Because tax returns seem universally required by loan programs many borrowers believe that tax returns are a must, that a rule somewhere says the lender has no choice.

Actually though, that’s not the case.

Mortgage lenders today operate within the requirements established under the 2010 Dodd-Frank legislation. This was a law enacted after the mortgage meltdown. Its main purpose is to reduce marketplace risk for borrowers, lenders and mortgage investors. One of the reasons you see so few foreclosures today is because of Dodd-Frank. Fewer foreclosures mean less risk for lenders and investors. Less risk means lower interest rates for borrowers.

Part of Dodd-Frank is known generally as the “ability-to-repay” rule. This requirement says before a residential mortgage can be originated the lender must be certain that the borrower has the ability to repay the debt.

“Under the rule,” explains the Consumer Financial Protection Bureau (CFPB), “lenders must generally find out, consider, and document a borrower’s income, assets, employment, credit history and monthly expenses. Lenders cannot just use an introductory or ‘teaser’ rate to figure out if a borrower can repay a loan.”

In other words, lenders must have a nice thick file showing that they really checked the borrower’s qualifications. They must have lots of paperwork to prove it. What the rule doesn’t say is that lenders must collect borrower tax returns.

According to Dodd-Frank, lenders “making a residential mortgage loan shall verify amounts of income or assets that such creditor relies on to determine repayment ability, including expected income or assets, by reviewing the consumer’s Internal Revenue Service Form W–2, tax returns, payroll receipts, financial institution records, or other third-party documents that provide reasonably reliable evidence of the consumer’s income or assets.”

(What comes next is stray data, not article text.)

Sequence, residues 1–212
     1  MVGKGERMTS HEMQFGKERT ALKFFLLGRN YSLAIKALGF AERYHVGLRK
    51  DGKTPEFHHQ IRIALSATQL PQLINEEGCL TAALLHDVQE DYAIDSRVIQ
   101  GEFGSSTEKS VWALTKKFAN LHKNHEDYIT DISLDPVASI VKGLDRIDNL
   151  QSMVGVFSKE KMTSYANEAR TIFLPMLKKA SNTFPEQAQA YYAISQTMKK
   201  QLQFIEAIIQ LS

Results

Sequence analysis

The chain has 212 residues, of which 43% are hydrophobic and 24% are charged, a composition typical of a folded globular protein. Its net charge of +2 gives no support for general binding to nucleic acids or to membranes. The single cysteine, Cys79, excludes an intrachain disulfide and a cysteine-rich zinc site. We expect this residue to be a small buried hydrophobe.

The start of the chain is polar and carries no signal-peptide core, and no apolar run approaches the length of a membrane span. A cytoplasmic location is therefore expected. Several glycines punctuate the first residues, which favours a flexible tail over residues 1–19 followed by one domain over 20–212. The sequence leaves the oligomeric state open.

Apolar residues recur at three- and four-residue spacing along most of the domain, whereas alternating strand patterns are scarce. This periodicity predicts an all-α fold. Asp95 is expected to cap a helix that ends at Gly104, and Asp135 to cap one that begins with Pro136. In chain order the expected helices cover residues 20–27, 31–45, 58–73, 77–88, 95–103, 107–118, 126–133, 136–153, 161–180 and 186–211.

Bank Satement Mortgages

With a bank statement mortgage the application process is largely the same as with any mortgage. Instead of bank statements for two or three months, the lender is likely to want statements from the past 12 to 24 months.

The loan products are likely to differ from FHA, VA, and conforming loans.

Credit scores: because bank statement products are generally portfolio loans – loans kept by the lender – it is possible for lower credit scores to be accepted.

Purpose: bank statement loans may be used to finance or refinance a property. The property may be a prime residence, second home, or investment real estate.

Loan limits: Because a bank statement mortgage is a portfolio product the lender gets to set the rules. A portfolio lender may well allow borrowers to finance with mortgages that exceed the usual loan size limits. Loans of several million dollars may be available to qualified borrowers.

Cash-out: Cash-out financing may be allowed.

Down payments: Bank statement loans are not backed with mortgage insurance. The result is that large down payments are generally required, say 20% in many cases.

Interest rates: Interest rates will vary according to lender underwriting requirements. Borrowers should shop around for the best rates and terms. They should also compare interest costs for financing that requires tax returns and mortgage programs which allow bank statements.